By purchasing the Portamarine® from Coltraco you can be assured of our full support to ensure you become a confident and competent user. If ever you require additional support or would like a Telephone Teach-In from one of our Technical Team please call +44 1761 241 601 or email This email address is being protected from spambots. You need JavaScript enabled to view it.

Total Support with Portacare®

3 or 5 Year Total Maintenance Program to completely cap the cost of ownership and guaranty maximum availability. Back up units provided in the event of unit breakages with beyond Warranty levels of support.

For further information, download PDF

What is the Portagauge® 4?

The Portagauge® 4 is an analytical thickness gauge from Coltraco. Offering unparalleled accuracy, this uses triple echo technology, which allows operators to inspect the underlying metal thickness, independent of any surface coatings such as paint. For applications where true metal readings and a higher degree of accuracy is required, the Portagauge® 4 is the ideal solution with a variety of sensor options available, this range of portable ultrasonic thickness gauge of units can easily be adapted to a variety of different roles and requirements.

  • Three years warranty
  • Lifetime support
  • Ignores paint layer
  • Designed for corrosion testing
  • Ultrasonic technology
  • 50 hour battery life
  • Accurate to 0.1mm off the true liquid level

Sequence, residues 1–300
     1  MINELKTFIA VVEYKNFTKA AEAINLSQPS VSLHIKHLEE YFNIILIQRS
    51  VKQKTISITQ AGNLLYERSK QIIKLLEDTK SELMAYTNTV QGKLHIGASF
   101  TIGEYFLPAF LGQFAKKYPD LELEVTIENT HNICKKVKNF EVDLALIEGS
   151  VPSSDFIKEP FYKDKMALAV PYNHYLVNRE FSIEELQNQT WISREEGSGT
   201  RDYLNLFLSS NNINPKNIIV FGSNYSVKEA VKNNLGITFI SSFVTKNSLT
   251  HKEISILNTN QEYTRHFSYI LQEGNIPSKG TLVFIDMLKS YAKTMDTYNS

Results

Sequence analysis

• 2,25MHz probe included as standard

Features of Portagauge¢ IV

  • Measures the true metal thickness, excluding coating and paint thickness.
  • Ideal for most common thickness gauging applications onboard ships by marine superintendents
  • This device is recommended for Bridges, pilings storage tanks, lighting columns, ship hulls, bulk heads, pipe work, steel/stainless steel, cast iron, Aluminum, copper, brass, zinc, quartz, glass, PVC, polyethylene, grey cast iron amongst others. With the integration of ultrasonic gas leak detector, the efficiency of the entire system can be increased. 
  • Automatic Measurement Verification System (AMVS) ensures only true measurements are displayed by checking a minimum of three echoes each time the ultrasound pulses through the metal Intelligent.
  • Probe Recognition (IPR), which automatically adjusts settings in the gauge at the same time as transmitting recognition data large colour.
  • LCD Display giving user information Single crystal soft faced probe protected by a membrane Easy calibration with menu driven buttons Echo strength indicator.